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A Hunter’s Moon: the Effect of Moon Illumination on Outdoor Crime

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We use National Incident-Based Reporting System (NIBRS) data and an AutoRegressive Integrative Moving Average (ARIMA) study design to investigate the effect of moon illumination on reported crime occurring outdoors between the hours of 10 pm to 2 am in 13 U.S. states and the District of Columbia. Prior research analyzed a confounded dependent variable that amalgamated indoor and outdoor crimes. This situation is problematic in that there is little reason to speculate a relationship between moon illumination and indoor crime because artificial illumination is used within dwellings. Findings show that while moon illumination has little influence on total crime and indoor crime, the intensity of moonlight does have a substantive positive effect on outdoor criminal activity. As moon illumination intensifies, outdoor crime increases markedly. Plausible explanations for this relationship are discussed.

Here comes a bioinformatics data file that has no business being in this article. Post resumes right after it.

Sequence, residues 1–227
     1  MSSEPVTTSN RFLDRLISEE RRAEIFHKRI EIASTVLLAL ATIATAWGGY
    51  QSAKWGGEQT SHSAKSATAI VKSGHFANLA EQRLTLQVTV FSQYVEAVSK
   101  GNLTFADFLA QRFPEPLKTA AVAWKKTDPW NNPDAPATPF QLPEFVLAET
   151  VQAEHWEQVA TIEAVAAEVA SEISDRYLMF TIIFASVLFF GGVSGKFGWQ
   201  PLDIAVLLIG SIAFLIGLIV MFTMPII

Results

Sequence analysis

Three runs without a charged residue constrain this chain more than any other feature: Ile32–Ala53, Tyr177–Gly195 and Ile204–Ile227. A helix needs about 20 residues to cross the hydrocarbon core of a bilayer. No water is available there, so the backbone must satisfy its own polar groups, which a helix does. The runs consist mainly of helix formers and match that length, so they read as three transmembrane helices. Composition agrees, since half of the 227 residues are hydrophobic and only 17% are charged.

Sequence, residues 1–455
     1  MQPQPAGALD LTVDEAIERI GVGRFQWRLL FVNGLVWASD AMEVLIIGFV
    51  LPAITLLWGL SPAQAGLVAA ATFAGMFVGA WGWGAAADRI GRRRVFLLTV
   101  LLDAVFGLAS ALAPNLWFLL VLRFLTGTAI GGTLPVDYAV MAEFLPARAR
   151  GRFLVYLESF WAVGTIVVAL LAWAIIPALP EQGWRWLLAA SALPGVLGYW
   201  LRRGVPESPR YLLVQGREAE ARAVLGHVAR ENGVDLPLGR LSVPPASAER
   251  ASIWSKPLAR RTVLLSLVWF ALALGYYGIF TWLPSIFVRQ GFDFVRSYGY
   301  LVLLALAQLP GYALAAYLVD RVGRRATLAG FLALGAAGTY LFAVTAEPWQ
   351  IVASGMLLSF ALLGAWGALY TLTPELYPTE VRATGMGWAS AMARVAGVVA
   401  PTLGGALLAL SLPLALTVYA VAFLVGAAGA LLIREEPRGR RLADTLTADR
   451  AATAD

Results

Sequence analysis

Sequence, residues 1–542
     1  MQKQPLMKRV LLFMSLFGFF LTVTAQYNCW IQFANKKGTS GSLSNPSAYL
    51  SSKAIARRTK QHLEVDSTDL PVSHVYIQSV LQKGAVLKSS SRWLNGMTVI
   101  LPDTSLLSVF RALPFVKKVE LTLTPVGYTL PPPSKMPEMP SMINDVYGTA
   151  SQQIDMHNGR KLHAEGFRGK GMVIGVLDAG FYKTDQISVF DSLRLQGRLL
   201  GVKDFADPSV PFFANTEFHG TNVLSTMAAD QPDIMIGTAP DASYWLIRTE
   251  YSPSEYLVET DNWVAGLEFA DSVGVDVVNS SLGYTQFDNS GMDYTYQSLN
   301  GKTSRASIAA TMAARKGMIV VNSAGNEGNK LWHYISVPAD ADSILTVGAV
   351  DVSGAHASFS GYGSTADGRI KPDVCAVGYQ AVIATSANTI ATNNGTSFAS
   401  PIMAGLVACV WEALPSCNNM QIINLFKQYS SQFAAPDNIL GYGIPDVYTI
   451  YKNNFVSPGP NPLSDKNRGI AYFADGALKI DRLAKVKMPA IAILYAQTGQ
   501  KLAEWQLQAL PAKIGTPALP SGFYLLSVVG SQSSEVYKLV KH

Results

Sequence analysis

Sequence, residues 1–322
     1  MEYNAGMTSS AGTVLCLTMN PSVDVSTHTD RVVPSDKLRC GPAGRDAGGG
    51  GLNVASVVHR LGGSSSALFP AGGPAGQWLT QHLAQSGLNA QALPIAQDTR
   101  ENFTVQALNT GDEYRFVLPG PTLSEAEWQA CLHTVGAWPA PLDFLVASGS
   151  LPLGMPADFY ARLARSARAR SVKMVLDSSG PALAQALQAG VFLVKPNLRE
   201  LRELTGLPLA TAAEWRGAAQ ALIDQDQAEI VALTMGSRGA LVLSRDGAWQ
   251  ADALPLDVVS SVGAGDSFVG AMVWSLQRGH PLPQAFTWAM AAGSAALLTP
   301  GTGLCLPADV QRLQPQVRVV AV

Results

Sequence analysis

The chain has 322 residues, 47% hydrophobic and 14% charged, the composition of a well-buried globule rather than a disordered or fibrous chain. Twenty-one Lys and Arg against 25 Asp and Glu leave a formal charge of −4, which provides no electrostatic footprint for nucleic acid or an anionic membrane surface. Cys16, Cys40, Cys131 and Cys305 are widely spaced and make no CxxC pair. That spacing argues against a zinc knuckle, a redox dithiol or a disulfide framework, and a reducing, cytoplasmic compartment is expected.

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Correspondence to Lisa Stolzenberg.

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This research received no specific grant from any funding agency in the public, commercial, or not-for-profit sectors.

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Stolzenberg, L., D’Alessio, S.J. & Flexon, J.L. A Hunter’s Moon: the Effect of Moon Illumination on Outdoor Crime. Am J Crim Just 42, 188–197 (2017).

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